On July 10, 2020, in National Association of Regulatory Utility Commissioners v. FERC, the U.S. Court of Appeals for the DC Circuit affirmed Federal Energy Regulatory Commission (FERC) Order No. 841, thereby ensuring that energy storage resources can participate in the energy, capacity, and ancillary services markets on the nation’s grids, in accordance with approved tariffs. This was a significant win for Pierce Atwood’s client, the U.S. Energy Storage Association.
Order No. 841 was designed to remove barriers that would preclude energy storage resources (ESRs) from participating in the wholesale markets. In its Order, FERC defined ESRs broadly to include “all types of electric storage technologies, regardless of their size, storage medium . . . , or whether the resource is located on the interstate grid or on a local distribution system.”
It was this aspect of the ruling, perceived by some, including the National Association of Regulatory Utility Commissioners, Edison Electric Institute, American Public Power Association, and American Municipal Power Inc., as FERC’s overreach into the states’ jurisdiction, that the appeal was brought.
In evaluating the jurisdictional issue, the court acknowledged that FERC designed Order No. 841 “to lure local ESRs” to the federal marketplace knowing that participation in the wholesale market could require use of states’ distribution systems. In dismissing the appeal, however, the court noted that FERC has an inherent right under the Federal Power Act to oversee wholesale sales of electricity and that ESRs – as defined by FERC -- are participants in the wholesale markets.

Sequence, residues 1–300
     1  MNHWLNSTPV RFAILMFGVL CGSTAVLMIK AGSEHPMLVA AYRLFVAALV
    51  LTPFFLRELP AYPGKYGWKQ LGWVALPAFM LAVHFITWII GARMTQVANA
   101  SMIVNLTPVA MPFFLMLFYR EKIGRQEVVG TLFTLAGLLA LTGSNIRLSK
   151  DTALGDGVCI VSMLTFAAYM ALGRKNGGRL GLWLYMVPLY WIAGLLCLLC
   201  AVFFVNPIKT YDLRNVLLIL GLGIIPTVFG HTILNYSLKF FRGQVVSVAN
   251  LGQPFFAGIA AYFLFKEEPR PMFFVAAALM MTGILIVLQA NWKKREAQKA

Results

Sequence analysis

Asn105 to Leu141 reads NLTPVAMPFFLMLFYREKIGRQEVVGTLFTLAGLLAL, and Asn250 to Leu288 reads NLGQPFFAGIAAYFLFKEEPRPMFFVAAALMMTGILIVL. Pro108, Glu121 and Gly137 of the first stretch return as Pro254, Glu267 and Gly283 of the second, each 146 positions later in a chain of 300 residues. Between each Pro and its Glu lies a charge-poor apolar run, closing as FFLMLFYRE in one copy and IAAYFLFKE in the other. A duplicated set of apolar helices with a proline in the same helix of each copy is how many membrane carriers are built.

Thus, according to the court, Order No. 841 appropriately provides jurisdictional authority over ESRs. And, under the Supremacy Clause of the Constitution, states are precluded from enacting barriers that directly block ESRs from participating in the RTO/ISO markets.
Importantly, the court noted that by implementing Order No. 841, FERC did not impede on the rights of states to continue to operate and manage their facilities with the same authority they possessed prior to the issuance of that Order. Specifically, the court pointed out that Order No. 841 does not preclude states from approving retail rates or imposing rules to ensure reliability and/or safety. Instead, states are only prohibited from enacting rules that directly conflict with FERC’s mandates.
The court also dismissed the arguments that FERC should have provided states with the opportunity to opt-out of the federal requirements. FERC had provided an opt-out option in other cases where it recognized the linkage between the wholesale and retail markets. In Order No. 841 however, FERC explained its reasoning for not offering states the chance to opt-out of the federal mandates and specified that “promoting more participation of ESRs in wholesale markets increases competition, likely causing prices to lower, and more diversity in the types of ESRs encourages participation models that will be untethered to specific storage technologies.” Having provided ample reasons for its decision, the court affirmed that FERC did not act in an arbitrary or capricious manner by foregoing an opt-out opportunity.
For more information about this ruling, or to discuss how your energy storage project could participate in both the wholesale and retail markets per the parameters of the DC Circuit Court’s decision, please contact Pierce Atwood energy partner Andrew Kaplan.